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Section 504 is a part of the Rehabilitation Act of 1973 that prohibits discrimination based upon disability. Section 504 is an anti-discrimination, civil rights statute that requires the needs of students with disabilities to be met as adequately as the needs of the non-disabled are met. A child with a potentially life threatening food allergy meets the definition of a disability under Section 504.
Section 504 requires recipients to provide to students with disabilities appropriate educational services designed to meet the individual needs of such students to the same extent as the needs of students without disabilities are met. An appropriate education for a student with a disability under the Section 504 regulations could consist of education in regular classrooms, education in regular classes with supplementary services, and/or special education and
The Office for Civil Rights (OCR) has been given administrative authority to enforce Section 504. Section 504 is a Federal statute that may be enforced through the Department's administrative process or through the Federal court system. In addition, a person may at any time file a private lawsuit against a school district. The Section 504 regulations do not contain a requirement that a person file a complaint with OCR and exhaust his or her administrative remedies before filing a private lawsuit.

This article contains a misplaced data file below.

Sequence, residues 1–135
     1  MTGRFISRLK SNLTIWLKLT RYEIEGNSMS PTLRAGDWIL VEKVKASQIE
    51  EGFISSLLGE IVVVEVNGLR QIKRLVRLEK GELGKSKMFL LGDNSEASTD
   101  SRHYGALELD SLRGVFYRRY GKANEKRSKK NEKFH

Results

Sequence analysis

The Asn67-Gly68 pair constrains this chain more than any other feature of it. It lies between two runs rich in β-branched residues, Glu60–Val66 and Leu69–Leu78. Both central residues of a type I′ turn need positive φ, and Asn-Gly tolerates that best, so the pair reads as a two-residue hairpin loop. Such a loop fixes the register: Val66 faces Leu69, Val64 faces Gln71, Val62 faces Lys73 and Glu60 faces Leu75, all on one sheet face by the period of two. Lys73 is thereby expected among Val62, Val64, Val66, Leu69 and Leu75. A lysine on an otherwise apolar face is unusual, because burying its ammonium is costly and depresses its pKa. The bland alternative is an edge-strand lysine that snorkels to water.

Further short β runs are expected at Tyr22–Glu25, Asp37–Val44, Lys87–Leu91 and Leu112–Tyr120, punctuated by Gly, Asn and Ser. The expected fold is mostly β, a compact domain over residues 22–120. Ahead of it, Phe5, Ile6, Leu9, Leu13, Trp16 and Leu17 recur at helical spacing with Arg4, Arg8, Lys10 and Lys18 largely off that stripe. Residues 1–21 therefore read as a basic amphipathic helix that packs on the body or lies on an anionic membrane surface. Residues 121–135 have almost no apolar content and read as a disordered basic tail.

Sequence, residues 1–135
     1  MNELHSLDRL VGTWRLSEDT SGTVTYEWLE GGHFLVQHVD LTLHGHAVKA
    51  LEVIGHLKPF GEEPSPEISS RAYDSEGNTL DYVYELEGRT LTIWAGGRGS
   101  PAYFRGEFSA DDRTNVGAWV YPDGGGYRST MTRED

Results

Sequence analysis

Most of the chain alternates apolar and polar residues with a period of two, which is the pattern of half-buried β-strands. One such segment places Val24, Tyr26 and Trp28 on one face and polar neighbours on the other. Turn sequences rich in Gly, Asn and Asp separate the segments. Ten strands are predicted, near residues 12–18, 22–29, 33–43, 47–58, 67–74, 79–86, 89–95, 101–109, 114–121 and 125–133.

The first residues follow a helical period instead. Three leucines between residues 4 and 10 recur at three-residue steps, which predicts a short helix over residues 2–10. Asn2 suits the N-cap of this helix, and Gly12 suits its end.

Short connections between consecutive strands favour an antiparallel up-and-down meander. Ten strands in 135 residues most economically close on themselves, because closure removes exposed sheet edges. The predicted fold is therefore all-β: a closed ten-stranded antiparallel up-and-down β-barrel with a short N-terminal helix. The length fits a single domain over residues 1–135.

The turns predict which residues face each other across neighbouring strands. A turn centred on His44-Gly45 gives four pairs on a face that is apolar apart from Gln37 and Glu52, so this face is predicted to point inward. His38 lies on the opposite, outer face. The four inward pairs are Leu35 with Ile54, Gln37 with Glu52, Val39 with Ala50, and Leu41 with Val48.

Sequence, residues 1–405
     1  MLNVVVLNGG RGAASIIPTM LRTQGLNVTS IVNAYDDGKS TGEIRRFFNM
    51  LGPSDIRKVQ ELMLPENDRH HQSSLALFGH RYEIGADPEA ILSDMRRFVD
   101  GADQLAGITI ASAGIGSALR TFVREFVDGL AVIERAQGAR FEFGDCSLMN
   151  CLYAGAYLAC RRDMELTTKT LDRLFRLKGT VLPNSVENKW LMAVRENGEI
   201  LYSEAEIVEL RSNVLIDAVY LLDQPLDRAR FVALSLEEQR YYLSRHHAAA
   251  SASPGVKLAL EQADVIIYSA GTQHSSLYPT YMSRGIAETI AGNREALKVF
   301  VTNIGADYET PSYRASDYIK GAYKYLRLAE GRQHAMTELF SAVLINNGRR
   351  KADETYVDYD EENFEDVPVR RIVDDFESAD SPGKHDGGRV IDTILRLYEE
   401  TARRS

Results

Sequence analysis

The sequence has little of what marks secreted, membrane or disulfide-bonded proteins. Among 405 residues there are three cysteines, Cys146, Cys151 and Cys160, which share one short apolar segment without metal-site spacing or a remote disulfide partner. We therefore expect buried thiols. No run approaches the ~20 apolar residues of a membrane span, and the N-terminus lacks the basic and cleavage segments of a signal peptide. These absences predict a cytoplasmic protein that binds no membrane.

To begin the 504 process, you need to contact the school’s 504 Coordinator. This could be someone who works at the school, or it could be someone who works for your school district.
The 504 Coordinator will help assemble a 504 Team that will determine if your child qualifies for protection under Section 504. Typically, a 504 Team includes key members of the school staff such as the school nurse, teachers, food service personnel, coaches, counselors, and others.
In making their determination, the 504 Team will rely on medical information. As a result, you may be asked to obtain specific medical information or medical recommendations from your child’s allergist and/or pediatrician for the Team to review.
Once the 504 Team finds your child eligible, the Team will create an accommodation plan (or 504 Plan), which may include a number of components such as an Individual Healthcare Plan (IHP) and a Food Allergy Action Plan.
Written management plans such as 504 Plans have become increasingly more common over the past decade, especially for children with food allergy. These written plans come in a variety of shapes and sizes, ranging from a one-page, handwritten form to a 20-page plan made up of multiple components (IHP, Food Allergy Action Plan, Cafeteria Procedures, a Transportation Plan, and a Staff Education Plan).
If you experience difficulty with your school concerning a 504 Plan, contact FAAN or the U.S. Department of Education’s Office for Civil Rights (OCR).
Discrimination: Section 504 and ADA
Americans with Disabilities Act Amendments Act of 2008 (ADA AA)
Creative Ideas For Your Allergic Child's Custom 504 Plan
Section 504 Plan Outline for Children with Severe Food Allergies
Students with disabilities who qualify for special education services are entitled to a formal plan that describes how the school will support your child’s educational needs. Learn how these statements, called the Individualized Education Program (IEP) or 504 Plan, are developed and monitored.
Does a Child Need an IEP AND a 504 Plan? There is nothing in the law that says a child with a disability should have an IEP for some needs and a 504 plan for others. It’s confusing, it’s more work, and it’s unnecessary.
What is an IEP?
Individualized Education Programs (IEPs)-1
Individualized Education Programs (IEPs)- 2
What You Need to Know Before Filing a Complaint